Temple architecture too is designed to encourage altered states of consciousness, trance and ecstasy. It was discovered that single units (small arches, for example) in combination could create rhythms that lead to ecstasy by using these units – whether abstractions, figures or foliage – in decoration, and packing them together ever more tightly. Oneiric effects would be obtained by accumulating rows of figures endlessly repeated.

Altered consciousness is a vital part of Indian spirituality and temporal existence, whether attained through meditation, trance, collective ecstasy or drugs. Strictly speaking, Indian art is not mystical but pantheistic, aiming not for exclusive isolation but for inclusive wholeness and rapture.

Indian art is always trying to achieve an identity between adorer and adored; the first tries to become, to be, the second, and to realize this identity in trance or meditation, often with the aid of an art object. So primarily, art works are meditation aids or diagrams of sacred reality.

The eroticism in temples is a religious affirmation of life; and eroticism was a valid means of attaining ecstasy, altered states of consciousness, even religious salvation; it is a transcendence of good and evil. In fact most medieval temple sculpture is erotic. But this is mystical eroticism, creating unity out of disunity and multiplicity.

And of course, the very shape of most temples, even minus the decoration, is erotic. And the erotic temple sculpture is a projection of an ideal, a sexual fantasy without any puritanism whatsoever. But most of all, the eroticism is meant to point up that sexuality is in fact a miracle, a unity of opposites, and in this it is divine.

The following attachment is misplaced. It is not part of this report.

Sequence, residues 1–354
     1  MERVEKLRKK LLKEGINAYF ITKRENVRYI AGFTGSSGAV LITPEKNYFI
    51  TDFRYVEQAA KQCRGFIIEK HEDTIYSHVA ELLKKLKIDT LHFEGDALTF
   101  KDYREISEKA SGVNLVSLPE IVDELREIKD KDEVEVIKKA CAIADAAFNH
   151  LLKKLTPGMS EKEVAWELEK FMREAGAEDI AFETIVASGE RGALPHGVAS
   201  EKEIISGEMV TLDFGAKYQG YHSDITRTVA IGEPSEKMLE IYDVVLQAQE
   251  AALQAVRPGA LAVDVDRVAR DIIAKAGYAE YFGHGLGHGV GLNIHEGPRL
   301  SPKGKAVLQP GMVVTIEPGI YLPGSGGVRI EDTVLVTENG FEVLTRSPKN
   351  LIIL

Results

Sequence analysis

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Muslim rule and everything it created in India was melancholic, arrogant, romantic and exquisitely, magnificently, sumptuously useless. But Islam beautified and aestheticized India. And probably the greatest result of Muslim rule in India is the architecture that resulted from the encounter and fusion of Hindu and Islamic styles. The Muslims brought the arch, dome and minaret, but they relied on indigenous craftsman to carry out the building work. The fusion is of an Islamic architecture of structure with a Hindu architecture of mass.

Here in India Islamic art is penetrated by tropicalization. Muslim purity and lightness becomes in one sense ponderous, but in another they are grounded, and the art is all the more powerful because of that: note the cave-like interior of the Taj, but also its weighty yet light exterior.

Note: These remarks are based on many sources, but primarily on the writings of Heinrich Zimmer.

Copyright © Martin Noval 2006